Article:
This will be our tenth Father’s Day since the divorce. Like every other year, I’ll take my two sons to the store and help them pick out gifts for their father.
Some years I’m surprised I didn’t get lock jaw from forcing myself to smile as I helped them wrap their presents, and I can’t say I’ve never stooped to passive aggressive gifting. (Please don’t ask me about the garden gnome.)
It wasn’t always a joy to spend money on my ex-husband, particularly since I was mothering on a tight budget for a lot of years. But it was important to me. I wanted my boys to learn to be thoughtful, to be generous, and that it’s important to make the effort to show someone you love that they matter to you.
Every year I’ve provided paper and markers and cold, hard cash, and I’ve patiently helped my kids make good buying decisions. I’ve handed them tape and held the scissors while they wrapped their presents. But there was always something about Father’s Day that nagged at me.
Kids aren’t the only people to give Fathers cards. Wives give them to their husbands, too. In perusing Father’s Day cards, I found several themes that I could relate to…
#1 – Whoa—look at what a great job we’re doing. Our kids are awesome.
Our kids are amazing, well-adjusted creatures. They are outstanding and resilient humans and, so far, seem to be emerging mostly unscathed from the divorce. That’s worth celebrating.
#2 – I appreciate the father-things you do (at least most of the time).
My ex-husband is not the right man for me, but he is the right father for our children. He’s never stood them up or begged off visitation time—he’s always been someone solid they can count on. He changed diapers, went to excruciatingly long school concerts, and dealt with puking children on his own, just like I did. We back each other up and try to keep the rules consistent across two households.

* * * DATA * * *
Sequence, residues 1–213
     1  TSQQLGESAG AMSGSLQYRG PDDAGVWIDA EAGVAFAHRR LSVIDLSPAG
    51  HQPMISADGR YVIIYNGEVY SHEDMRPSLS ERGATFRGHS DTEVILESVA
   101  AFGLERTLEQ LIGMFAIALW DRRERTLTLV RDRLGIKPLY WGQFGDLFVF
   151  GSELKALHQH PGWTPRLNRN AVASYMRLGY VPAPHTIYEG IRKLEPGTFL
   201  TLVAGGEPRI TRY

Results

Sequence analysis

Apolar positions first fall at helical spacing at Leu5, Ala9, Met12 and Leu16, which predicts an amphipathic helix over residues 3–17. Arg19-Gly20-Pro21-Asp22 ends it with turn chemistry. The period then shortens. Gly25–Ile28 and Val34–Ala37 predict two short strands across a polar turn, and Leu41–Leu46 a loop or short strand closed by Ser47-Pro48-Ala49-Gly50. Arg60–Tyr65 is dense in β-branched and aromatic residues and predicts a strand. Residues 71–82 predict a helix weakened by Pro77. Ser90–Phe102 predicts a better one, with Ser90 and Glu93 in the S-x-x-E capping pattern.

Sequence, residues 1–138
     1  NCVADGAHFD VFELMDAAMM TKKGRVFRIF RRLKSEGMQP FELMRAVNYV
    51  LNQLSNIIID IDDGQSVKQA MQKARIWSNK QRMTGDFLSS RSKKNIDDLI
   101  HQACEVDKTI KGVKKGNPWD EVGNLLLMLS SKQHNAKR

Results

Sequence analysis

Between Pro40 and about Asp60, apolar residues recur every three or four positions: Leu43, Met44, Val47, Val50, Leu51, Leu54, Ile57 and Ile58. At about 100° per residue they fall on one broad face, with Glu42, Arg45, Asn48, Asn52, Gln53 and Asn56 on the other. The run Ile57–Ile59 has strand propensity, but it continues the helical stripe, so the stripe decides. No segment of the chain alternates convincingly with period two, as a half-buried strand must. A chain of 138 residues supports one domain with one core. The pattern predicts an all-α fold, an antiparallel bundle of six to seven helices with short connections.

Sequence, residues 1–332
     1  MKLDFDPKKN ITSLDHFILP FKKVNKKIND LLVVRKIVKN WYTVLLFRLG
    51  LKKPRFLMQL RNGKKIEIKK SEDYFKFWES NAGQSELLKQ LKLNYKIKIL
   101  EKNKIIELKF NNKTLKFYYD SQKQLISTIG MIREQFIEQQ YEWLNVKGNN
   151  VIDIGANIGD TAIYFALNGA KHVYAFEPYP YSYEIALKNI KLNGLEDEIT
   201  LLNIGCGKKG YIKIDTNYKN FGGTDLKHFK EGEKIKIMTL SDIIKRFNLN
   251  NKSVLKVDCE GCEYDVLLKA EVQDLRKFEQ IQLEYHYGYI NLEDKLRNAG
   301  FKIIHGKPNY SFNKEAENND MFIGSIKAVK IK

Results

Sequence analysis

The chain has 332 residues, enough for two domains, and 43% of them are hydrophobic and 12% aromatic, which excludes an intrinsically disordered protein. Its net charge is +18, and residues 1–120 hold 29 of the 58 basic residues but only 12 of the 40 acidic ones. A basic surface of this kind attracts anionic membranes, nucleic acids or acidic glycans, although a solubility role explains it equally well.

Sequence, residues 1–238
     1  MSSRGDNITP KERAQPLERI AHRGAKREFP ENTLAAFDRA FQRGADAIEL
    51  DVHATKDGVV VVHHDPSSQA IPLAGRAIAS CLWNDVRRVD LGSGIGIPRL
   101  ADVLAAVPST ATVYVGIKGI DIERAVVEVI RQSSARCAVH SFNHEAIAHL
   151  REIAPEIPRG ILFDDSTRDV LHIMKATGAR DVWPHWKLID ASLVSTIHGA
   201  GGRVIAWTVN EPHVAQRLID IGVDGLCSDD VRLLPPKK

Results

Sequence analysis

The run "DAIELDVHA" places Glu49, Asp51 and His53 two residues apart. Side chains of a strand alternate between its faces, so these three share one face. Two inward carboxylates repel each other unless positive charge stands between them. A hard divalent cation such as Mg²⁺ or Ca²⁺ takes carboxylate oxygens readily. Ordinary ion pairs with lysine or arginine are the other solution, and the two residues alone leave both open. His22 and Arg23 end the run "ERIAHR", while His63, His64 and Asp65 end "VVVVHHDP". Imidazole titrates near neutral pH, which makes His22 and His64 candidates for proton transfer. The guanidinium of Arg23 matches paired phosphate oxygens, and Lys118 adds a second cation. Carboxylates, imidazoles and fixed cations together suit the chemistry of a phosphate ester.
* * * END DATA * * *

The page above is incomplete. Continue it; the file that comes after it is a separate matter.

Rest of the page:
#3 – Thanks for making my life easier!
My ex has also used vacation days to watch the kids so I could go out of town for work conferences. We call and text each other to discuss the children multiple times a week. We still co-parent together, even if we haven’t lived together in nearly a decade.
#4 – We’ve come a long way, baby!
Even in the first year when we could barely be civil to each other, he texted, “If you are ever on the ledge, you can call me. I may hate you, but the kids need a mother as well as a father.”
This year I got my first Mother’s Day text from him: “Happy Mother’s Day. You are a good mom to them.” We’ve come a long way as a non-couple. We both single-parented two kids in diapers half the week, when neither kid would sleep alone in their beds. We’ve done first days of kindergarten together as divorced parents and this fall we’ll be doing first day of high school pictures with our eldest.
We don’t always agree on what’s best for the kids, and we don’t really have a friendship consisting of friendly banter or easy small talk. But we’ve both tried to put these two boys first in our lives and kept our own issues out of our children’s sight. And I may be wrong, but I feel that’s Father’s Day card worthy.
Of course I can’t really send him a card. He’d think it would be awkward and weird and he’d be right. But this year, I think I’ll send him a heartfelt text that says it all: Happy Father’s Day. And I’ll mean it.
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